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On using arrow functions in PHP 7.4

Original – by Freek Van der Herten – 3 minute read

In PHP 7.4 a widely requested feature landed: arrow function. In this blogpost I'd like to show you how I like to use them.

Let's start with an example from the Oh Dear codebase I tweeted out a few days ago.

In Laravel 6 and PHP 7.3 you could do this:

public static function boot()
{
    static::boot();

    static::creating(
        function (Team $team) {
            return $team->webhook_signing_secret = Str::random(32);
        }
    );
}

In Laravel 7 and PHP 7.4 you can rewrite it to this:

public static function booted()
{
   static::creating(fn (Team $team) => $team->webhook_signing_secret = Str::random(32));
}

In the code snippet above, a short closure is used. It's a bit beyond the scope of this post, but in Laravel 7, the booted lifecycle method was introduced, which will, unsuprisingly, be called we the model has booted. Using that method, you can lose the static::boot(); call from the initial code snippet.

A lot of people seemed to like it. Some didn't, and that's ok. When introducing new syntax, I don't think there's a single thing where all programmars will agree on. A comment I agree on however, is the line length. Luckily this can be easily fixed by moving the closure itself to it's own line.

public static function booted()
{
   static::creating(
      fn (Team $team) => $team->webhook_signing_secret = Str::random(32)
   );
}

To make the line length shorter, you could opt to remove the typehint. You could even rename the $team variable to $t, this is pretty common practice in the JavaScript. Personally I love typehints and full variable names, so personally I stick to the code snippet above.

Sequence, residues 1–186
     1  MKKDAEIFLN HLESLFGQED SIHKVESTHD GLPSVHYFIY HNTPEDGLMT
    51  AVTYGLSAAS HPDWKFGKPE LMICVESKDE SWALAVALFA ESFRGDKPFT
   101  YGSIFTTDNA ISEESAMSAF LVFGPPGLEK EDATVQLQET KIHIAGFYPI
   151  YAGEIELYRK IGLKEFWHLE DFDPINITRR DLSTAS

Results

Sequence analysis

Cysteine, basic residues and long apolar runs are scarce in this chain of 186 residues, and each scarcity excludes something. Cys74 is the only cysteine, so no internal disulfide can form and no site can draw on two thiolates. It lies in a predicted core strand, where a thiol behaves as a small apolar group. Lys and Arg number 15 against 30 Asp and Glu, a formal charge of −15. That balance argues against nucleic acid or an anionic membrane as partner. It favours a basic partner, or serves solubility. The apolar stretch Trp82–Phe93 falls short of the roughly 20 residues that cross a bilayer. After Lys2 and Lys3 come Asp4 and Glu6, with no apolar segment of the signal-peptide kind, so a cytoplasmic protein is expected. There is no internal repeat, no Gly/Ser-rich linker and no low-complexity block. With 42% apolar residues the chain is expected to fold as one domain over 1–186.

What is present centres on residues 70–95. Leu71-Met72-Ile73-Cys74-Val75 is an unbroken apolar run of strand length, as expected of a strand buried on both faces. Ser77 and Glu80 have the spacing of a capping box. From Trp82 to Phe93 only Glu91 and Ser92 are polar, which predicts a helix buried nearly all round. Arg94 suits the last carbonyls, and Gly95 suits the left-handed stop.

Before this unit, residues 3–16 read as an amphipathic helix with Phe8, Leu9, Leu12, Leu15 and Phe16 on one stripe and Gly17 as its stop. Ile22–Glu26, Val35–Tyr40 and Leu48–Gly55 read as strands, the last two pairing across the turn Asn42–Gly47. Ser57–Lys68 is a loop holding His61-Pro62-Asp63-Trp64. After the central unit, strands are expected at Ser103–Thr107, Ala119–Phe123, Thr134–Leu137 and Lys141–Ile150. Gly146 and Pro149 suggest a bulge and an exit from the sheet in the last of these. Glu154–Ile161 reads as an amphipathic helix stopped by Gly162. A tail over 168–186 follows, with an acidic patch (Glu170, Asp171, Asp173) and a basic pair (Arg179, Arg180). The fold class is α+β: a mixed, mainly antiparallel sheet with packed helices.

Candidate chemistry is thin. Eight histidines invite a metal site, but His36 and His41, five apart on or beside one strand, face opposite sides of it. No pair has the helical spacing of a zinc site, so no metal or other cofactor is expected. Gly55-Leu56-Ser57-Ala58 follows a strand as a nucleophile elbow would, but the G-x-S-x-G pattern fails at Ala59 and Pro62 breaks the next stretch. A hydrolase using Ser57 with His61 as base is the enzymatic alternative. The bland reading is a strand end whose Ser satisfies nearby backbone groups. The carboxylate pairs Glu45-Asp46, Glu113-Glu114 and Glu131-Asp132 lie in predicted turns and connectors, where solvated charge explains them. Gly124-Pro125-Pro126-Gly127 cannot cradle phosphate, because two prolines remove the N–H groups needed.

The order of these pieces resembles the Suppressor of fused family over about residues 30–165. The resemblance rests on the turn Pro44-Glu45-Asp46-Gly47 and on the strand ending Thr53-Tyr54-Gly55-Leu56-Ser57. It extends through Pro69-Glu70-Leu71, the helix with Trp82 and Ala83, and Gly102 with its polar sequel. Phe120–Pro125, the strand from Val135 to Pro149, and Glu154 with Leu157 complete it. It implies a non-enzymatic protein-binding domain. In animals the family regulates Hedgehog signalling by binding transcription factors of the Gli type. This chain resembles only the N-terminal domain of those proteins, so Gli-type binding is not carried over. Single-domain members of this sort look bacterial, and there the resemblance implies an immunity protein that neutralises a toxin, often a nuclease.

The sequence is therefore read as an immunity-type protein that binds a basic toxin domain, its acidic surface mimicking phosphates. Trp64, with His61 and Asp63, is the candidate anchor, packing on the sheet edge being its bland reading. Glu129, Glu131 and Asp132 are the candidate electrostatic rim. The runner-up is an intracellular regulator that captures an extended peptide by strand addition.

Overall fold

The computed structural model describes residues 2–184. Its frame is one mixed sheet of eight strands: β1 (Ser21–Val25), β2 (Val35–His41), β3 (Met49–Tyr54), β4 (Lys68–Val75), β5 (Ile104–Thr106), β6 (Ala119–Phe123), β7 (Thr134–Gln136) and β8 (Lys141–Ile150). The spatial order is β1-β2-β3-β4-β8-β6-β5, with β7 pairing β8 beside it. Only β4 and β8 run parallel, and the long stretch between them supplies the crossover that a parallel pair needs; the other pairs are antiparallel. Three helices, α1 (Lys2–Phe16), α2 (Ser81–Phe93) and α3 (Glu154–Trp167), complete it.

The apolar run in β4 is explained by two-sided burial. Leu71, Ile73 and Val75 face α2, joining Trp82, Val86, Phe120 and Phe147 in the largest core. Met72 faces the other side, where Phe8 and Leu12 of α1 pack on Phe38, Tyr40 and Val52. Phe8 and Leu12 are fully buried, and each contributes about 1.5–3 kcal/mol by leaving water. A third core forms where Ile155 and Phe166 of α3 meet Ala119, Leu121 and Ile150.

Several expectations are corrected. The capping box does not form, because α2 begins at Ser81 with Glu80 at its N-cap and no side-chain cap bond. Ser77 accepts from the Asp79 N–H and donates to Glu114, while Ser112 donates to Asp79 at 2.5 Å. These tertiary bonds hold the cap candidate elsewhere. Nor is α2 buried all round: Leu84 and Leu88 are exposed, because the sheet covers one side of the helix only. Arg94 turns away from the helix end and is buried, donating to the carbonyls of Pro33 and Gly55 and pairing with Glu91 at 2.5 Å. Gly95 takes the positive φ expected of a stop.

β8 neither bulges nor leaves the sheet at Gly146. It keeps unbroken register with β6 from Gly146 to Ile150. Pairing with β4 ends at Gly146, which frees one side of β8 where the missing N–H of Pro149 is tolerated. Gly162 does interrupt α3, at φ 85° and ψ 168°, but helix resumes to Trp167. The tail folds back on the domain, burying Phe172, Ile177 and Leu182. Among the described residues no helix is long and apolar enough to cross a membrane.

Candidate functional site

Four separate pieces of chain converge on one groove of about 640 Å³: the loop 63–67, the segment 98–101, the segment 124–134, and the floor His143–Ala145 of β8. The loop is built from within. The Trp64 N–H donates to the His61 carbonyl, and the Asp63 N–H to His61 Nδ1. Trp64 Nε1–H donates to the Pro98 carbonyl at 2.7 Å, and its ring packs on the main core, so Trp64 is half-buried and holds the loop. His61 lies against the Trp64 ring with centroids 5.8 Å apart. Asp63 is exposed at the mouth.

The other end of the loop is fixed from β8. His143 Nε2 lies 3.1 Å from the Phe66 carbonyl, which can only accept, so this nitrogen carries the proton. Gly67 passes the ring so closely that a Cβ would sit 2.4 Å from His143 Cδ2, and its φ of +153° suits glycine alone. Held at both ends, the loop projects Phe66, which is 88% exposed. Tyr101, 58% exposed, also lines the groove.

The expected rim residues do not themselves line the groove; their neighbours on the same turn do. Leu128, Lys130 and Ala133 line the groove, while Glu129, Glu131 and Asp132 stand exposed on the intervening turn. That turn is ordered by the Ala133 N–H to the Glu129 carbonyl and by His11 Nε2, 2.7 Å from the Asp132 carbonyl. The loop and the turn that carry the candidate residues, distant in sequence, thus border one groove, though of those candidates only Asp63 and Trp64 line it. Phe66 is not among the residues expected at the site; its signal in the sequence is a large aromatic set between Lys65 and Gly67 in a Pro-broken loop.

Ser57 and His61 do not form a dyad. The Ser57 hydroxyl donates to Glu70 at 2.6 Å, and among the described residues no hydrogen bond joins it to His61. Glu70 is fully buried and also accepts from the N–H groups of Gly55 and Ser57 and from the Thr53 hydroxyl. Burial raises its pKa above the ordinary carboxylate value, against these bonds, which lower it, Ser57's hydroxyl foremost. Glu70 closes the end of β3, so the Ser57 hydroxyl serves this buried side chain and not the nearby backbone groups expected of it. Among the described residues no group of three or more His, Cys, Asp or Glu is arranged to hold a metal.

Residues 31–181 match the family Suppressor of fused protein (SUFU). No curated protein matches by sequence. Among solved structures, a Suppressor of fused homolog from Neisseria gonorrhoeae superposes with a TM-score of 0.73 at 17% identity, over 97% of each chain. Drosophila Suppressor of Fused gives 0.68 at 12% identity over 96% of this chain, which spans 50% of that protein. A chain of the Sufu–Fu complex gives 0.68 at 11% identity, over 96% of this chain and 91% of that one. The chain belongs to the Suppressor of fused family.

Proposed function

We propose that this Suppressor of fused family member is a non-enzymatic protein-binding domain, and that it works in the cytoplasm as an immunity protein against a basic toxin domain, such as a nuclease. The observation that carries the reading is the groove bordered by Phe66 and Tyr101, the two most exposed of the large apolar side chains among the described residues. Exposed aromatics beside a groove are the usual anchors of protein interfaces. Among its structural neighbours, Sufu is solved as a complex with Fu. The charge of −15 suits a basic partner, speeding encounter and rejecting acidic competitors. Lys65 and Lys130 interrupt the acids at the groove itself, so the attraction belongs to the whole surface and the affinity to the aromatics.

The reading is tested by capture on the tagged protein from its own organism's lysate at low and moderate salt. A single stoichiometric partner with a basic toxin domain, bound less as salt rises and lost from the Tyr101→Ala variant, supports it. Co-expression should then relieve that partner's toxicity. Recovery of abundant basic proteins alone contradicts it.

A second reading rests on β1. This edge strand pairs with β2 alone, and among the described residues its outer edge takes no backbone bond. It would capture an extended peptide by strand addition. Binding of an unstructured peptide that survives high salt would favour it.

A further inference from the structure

I think it would be silly to blindly switch to short closures wherever it is technically possible. The question you should keep in mind when converting a closure to a short one is: "Does this make the code more readable?". Of course, the answer is subjective. When in doubt, I recommend just asking your team members, they're the ones that will have to read your code too.

If you use PhpStorm you can easily switch between a normal and a short closurse, so you can quickly get a feel of how it reads.

convert.

Let's end by taking a look at an example where I think short closures really shine: in collection chains (thanks for the example, Liam).

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Felix Huber liked on 11th March 2020
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Laimonas Narbutas replied on 10th March 2020
After jumping from Vue.js projects and Laravel into Angular with TS and ngrx with Symfony I have very mixed feelings about the shortcuts and all the magic. Code readability is crying in the corner...
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Really liked the post, though!
Freek Van der Herten replied on 10th March 2020
Fixed, thanks!
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Something is missing after 2nd snnipet -- "In the code snippet above..."